In February we planted over 100 onion sets with the goal of having a good supply of storage onions for the fall and winter. Unfortunately, the sets I planted were a little too old and spent their energy going to seed instead of producing big beautiful onions. So between the crummy onion harvest and an excellent supply of dill in our backyard we made onion dill bread.
Dill is a wonderful herb to grow in your garden. It is fantastic on fish, in salads, and on eggs. But dill is an especially great herb because swallowtail butterflies lay their eggs on dill, parsley, and fennel. We always plant extra herbs every year to encourage the butterflies. They are such graceful and delightful creatures to watch and I will happily share my herbs with them to have their presence in my garden.
Onion dill bread has always been a holiday tradition in my family. My mom would make this wonderful bread for Thanksgiving and Christmas every year. She would set up an assembly line in the kitchen and make over 20 loaves of bread. She would then give onion dill bread as a gift during the holiday season. People loved it and always wanted more. Since we stopped eating industrialized bread several years ago, onion dill bread was the obvious choice for our homemade bread needs. Plus it freezes beautifully and can be defrosted in the refrigerator without compromising the texture. Onion dill bread also makes great toast, sandwiches, and croutons.
Making your own bread takes a little patience, but the results are greatly worth the effort. The other added bonus is that you know what is going into your food. With onion dill bread you will be able to pronounce all the ingredients needed to make this bread and you don’t need high fructose corn syrup or crazy chemical fillers. What a concept!
Plant some dill and make some bread. With the smell of freshly baked onion dill bread and butterflies in the garden what more could you ask for? Enjoy!
May is apricot season in the southwest and boy did we have a great season at our house. Thanks to friends and family we hit the apricot jackpot. With all these apricots and only solution is apricot jam with framboise. I also canned apricots in light syrup (the homemade kind not that yucky canned fruit goop), apricots in brandy, and apricot jam with cognac. My favorite has to be the apricot jam with framboise.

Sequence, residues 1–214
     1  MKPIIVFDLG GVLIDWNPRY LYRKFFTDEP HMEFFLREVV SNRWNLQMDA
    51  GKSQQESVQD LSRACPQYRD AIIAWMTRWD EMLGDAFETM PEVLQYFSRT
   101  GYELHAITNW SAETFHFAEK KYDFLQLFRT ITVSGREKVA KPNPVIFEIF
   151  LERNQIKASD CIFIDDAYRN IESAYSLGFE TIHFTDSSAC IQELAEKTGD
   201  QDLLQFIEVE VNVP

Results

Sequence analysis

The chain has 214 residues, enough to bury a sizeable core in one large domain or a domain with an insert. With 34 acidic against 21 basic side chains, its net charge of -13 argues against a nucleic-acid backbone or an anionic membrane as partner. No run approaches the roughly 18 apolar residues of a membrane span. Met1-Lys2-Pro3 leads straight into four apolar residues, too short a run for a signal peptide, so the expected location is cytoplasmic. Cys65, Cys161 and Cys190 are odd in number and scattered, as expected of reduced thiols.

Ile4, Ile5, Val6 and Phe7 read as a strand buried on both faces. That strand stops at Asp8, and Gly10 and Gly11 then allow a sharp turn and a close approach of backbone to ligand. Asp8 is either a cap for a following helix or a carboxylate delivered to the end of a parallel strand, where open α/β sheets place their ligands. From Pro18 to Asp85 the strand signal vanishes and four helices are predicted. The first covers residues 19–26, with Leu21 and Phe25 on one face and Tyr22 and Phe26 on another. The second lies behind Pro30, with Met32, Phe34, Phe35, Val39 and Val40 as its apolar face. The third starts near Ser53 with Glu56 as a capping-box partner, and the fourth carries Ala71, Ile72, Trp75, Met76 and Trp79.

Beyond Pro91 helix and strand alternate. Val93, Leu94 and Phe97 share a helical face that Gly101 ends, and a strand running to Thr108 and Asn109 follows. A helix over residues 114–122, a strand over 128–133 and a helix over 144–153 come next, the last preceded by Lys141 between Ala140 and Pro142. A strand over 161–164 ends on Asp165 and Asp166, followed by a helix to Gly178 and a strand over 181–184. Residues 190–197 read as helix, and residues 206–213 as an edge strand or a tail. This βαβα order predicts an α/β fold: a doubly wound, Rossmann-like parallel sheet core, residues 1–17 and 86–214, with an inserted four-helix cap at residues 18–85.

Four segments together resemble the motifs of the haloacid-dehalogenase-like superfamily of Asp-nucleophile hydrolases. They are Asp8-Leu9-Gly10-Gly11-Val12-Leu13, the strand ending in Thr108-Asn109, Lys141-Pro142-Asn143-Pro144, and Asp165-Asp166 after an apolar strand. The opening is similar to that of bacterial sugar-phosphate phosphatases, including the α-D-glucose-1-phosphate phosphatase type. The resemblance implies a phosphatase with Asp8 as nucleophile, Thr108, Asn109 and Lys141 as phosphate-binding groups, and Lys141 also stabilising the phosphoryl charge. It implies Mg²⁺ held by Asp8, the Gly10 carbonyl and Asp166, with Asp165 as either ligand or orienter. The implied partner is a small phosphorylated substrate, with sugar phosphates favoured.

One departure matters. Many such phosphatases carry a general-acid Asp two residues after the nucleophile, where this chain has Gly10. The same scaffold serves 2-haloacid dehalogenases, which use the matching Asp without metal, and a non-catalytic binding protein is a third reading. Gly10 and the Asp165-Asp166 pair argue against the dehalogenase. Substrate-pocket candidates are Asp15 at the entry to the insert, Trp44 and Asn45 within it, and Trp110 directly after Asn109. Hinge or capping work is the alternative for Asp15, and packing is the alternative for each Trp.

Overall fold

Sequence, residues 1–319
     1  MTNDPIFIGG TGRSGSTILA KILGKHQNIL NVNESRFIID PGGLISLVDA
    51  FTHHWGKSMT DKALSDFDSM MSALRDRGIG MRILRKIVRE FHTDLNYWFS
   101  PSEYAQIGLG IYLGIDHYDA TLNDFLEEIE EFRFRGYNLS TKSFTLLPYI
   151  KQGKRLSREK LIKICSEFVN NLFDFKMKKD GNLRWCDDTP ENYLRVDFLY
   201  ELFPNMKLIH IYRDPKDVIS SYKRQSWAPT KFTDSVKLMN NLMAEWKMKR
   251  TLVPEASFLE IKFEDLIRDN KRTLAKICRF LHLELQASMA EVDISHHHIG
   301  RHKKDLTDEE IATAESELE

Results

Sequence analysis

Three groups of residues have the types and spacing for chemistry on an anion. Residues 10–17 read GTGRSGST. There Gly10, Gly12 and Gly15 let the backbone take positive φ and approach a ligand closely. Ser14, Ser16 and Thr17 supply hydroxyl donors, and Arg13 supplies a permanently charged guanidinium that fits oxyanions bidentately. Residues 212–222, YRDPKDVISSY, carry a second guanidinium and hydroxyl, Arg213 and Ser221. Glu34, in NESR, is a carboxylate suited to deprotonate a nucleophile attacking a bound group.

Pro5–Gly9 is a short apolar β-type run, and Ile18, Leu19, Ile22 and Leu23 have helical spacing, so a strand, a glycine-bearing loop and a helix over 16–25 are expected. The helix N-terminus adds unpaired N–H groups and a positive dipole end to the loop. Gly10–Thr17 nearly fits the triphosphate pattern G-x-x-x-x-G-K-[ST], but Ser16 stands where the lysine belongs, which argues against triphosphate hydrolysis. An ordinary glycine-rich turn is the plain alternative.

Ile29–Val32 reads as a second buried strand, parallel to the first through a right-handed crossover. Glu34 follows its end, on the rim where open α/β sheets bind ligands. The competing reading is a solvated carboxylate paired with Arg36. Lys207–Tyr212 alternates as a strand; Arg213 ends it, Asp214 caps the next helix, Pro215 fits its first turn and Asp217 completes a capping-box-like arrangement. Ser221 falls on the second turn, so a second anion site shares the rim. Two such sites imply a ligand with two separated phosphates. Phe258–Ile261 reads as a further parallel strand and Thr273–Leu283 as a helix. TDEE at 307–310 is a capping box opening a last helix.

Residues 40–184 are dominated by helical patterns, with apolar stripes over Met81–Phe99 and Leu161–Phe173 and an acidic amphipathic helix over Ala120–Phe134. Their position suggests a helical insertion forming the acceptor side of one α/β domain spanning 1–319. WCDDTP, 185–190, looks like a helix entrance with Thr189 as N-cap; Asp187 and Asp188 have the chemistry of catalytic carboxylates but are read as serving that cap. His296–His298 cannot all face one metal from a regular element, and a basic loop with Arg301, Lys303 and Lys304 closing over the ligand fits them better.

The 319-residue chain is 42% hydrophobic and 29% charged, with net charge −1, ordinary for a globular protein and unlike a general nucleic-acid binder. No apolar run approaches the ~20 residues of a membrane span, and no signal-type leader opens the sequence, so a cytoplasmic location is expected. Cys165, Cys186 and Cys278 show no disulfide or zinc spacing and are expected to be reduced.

Framboise is raspberry liqueur typically from France. It should only be sugar, raspberries, and alcohol, usually vodka due to the lack of flavor. There are several brands of raspberry liqueur many of which are glorified high fructose corn syrup with artificial raspberry flavor. Stay away from this stuff. It is glorified cough syrup and tastes repulsive. Go for the simple packaging, no fancy colors or silly names, and ingredients that you yourself can pronounce. This will take you in the right direction. Remember too that like wine you cook with only put liqueur in your jam that you would drink straight. The cooking process will intensify the flavor of the liqueur and you want it to taste good.
Apricots and raspberries are a classic pair. The tartness of the raspberries complements the sweetness of the apricots and provides this jam with just that little something that makes it unique and delicious. Apricot jam with framboise is fantastic on toast, pound cake, ice cream, and even chicken.
Now yes, you can buy jam at the grocery store, but trust me once you start making your own jam you will never buy it from the grocery store again. Check out Food in Jars, foodinjars.com/2010/07/canning-101-how-to-ensure-that-your-jam-sets/, it has a wonderful posting on how to make great jam every time.Homemade jam is also a wonderful house warming gift, hostess present, and holiday gift. It is also very satisfying to capture the essence of the season and to re-live it any time of the year. Enjoy!